The Real Deal New York

Housing affordability has worsened as city fails to meet growing demand: report

Supply hasn’t kept up with growing population, says Furman study
May 24, 2018 12:00PM

Williamsburg and Mayor Bill De Blasio (Credit: Wikipedia Commons)

Housing supply failing to keep up with rising demand has fueled the affordability problem in New York.

Between 2000 and 2016, the housing stock grew by about 8 percent while the adult population rose nearly 11 percent, according to a new report from the NYU Furman Center for Real Estate and Urban Policy. At the same time, jobs were up more than 16 percent — a sign of growing demand.

Meanwhile, median rents have gone up by about $300 since 2000, while the median income of a renter household increased by $145 per month, Politico reported Thursday. And the share of housing available to low-income renters has been falling.

“If you think about the lower-income people, why they are paying a higher percentage of their income on rent — part of it is just there aren’t that many apartments available at price points that would be affordable to them,” Vicki Been, faculty director at the Furman Center, told Politico.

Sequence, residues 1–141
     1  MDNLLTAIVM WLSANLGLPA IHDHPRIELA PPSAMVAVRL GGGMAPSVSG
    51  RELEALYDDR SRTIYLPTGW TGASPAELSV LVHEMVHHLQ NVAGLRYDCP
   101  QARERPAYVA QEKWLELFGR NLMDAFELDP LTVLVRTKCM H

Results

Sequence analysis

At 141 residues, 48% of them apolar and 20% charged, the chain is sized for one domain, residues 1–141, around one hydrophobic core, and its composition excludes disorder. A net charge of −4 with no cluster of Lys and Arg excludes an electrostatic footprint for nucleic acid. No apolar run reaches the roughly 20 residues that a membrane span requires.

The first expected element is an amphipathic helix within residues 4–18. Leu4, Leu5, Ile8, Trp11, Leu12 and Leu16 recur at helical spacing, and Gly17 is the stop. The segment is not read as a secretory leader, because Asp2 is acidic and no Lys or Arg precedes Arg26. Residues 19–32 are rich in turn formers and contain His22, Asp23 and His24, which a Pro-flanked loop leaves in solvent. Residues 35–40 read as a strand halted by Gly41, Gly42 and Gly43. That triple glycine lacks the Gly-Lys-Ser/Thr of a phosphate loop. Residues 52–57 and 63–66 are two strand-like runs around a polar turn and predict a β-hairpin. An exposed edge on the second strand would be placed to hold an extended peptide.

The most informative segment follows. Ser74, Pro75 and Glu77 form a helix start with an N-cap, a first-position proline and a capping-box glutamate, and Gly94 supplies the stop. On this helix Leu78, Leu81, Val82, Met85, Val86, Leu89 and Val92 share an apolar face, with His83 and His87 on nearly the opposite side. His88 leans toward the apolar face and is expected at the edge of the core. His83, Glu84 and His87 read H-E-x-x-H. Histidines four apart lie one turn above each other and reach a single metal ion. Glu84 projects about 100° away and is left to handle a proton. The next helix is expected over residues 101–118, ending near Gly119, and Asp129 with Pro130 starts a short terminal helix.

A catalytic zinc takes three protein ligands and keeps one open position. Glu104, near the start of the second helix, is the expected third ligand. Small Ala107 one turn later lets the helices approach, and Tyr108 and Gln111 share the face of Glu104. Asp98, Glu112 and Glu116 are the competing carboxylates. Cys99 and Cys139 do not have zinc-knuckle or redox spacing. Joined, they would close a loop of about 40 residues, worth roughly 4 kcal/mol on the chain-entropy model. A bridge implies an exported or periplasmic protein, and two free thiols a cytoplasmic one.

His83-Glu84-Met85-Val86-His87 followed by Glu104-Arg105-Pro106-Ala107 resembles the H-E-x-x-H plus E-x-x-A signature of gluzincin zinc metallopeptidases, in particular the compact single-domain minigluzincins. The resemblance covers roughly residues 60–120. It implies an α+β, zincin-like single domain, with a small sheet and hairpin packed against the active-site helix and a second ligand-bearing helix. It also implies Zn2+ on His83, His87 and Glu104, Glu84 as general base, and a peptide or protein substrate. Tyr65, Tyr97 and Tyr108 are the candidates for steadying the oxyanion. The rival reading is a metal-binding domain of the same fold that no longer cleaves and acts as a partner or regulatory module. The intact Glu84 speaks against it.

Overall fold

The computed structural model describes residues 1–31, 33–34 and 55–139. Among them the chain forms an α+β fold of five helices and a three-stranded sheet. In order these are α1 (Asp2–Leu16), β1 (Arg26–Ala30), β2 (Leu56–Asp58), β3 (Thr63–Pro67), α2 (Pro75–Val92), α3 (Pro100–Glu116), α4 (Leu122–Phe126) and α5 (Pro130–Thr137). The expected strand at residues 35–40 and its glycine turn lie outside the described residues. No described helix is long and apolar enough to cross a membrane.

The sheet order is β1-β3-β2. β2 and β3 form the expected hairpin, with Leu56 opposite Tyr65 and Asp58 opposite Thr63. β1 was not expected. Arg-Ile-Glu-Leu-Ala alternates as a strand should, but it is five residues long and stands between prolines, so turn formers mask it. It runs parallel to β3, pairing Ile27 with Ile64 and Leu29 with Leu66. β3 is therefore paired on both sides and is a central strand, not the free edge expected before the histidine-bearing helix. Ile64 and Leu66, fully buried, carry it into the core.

Been previously worked as Mayor Bill de Blasio’s housing commissioner, overseeing his plan to build and preserve 200,000 rent-regulated homes over 10 years. The mayor has since changed that goal to 300,000 units over 12 years.

Mixed-income development will help poor residents while market-rate units help pay for rent-regulated ones, Been said.

Neighborhoods rezoned during the Bloomberg administration saw the most dramatic growth in housing supply since 2000, the report said. They include the Far West Side, Williamsburg and Greenpoint. [Politico] — Meenal Vamburkar